The US Justice Department announced indictments Thursday of two Iranians who allegedly took part in an online “disinformation and threat” campaign to influence American voters in the 2020 presidential election.
Mohammad Hosein Musa Kazemi, 24, and Sajjad Kashian, 27, conducted a cyber campaign “to intimidate and influence American voters, and otherwise undermine voter confidence and sow discord,” the department said.
In parallel, the US Treasury announced sanctions on the two men and three others who ran the cybersecurity company they worked for, Emennet Pasargad.
The Treasury said the company was formerly known as Net Peygard Samavat, which was hit with sanctions in 2019, and the Justice Department gave its former name as Eeleyanet Gostar.
Kazemi and Kashian allegedly obtained confidential voter information and sent menacing emails, pushing out false information to influence both Democratic and Republican voters, and attempting to hack into state voting-related websites, the department said.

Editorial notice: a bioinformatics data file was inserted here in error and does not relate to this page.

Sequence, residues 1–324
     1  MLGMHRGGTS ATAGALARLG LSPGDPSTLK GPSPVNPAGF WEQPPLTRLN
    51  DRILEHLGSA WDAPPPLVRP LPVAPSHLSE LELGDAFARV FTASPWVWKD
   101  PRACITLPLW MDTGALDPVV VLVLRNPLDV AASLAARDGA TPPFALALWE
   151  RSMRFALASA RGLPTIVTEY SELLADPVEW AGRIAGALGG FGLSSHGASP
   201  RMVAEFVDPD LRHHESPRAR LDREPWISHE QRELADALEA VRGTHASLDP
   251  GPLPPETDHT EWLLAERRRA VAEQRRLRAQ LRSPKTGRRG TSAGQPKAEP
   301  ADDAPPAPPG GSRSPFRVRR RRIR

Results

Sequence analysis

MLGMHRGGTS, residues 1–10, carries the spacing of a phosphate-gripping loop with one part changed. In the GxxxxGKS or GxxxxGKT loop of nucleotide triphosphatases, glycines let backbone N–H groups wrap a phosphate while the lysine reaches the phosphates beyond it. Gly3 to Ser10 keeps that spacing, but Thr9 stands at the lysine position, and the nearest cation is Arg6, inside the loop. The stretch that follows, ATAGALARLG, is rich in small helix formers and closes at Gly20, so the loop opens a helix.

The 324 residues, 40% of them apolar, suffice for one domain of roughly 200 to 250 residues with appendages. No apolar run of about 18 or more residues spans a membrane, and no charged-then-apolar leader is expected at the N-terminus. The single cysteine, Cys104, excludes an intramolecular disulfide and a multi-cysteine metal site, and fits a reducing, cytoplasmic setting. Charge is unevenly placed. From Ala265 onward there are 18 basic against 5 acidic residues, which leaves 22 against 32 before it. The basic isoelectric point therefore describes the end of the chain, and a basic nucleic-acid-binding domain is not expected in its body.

In one case, they sent out mass emails claiming to be from the far-right Proud Boys militia group that threatened people to change political parties.
In another, they created and disseminated a video that purportedly showed a person hacking state voter websites and creating fraudulent ballots.
When you’re in London but your DC friends are loyal @BBCWorld fans and happen to catch you speaking with @BBCKarishma about alleged #Iran linked US election meddling and a DOJ indictment of two men accused of doing so today. Thanks to @SocialGoodBiz pic.twitter.com/8lJvbIVds7
— Suzanne Kianpour (@KianpourWorld) November 19, 2021
The indictment did not tie the two directly to the Iranian government, but noted that the company had done work for the government.
In 2019 the Treasury said Net Peygard Samavat worked with the Islamic Revolutionary Guard Corps.
And in March 2021 US intelligence released a report that said the Iranian government was behind a multi-pronged influence campaign aimed at hurting former president Donald Trump’s reelection chances.
Kazemi and Kashian are charged in federal court in New York with conspiracy to commit computer fraud and abuse for trying to intimidate voters, voter intimidation, and transmission of interstate threats.
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Kazemi was also charged with computer hacking and computer fraud. The penalties for the various charges run from one to 10 years in prison.
AFP with additional input by GVS News Desk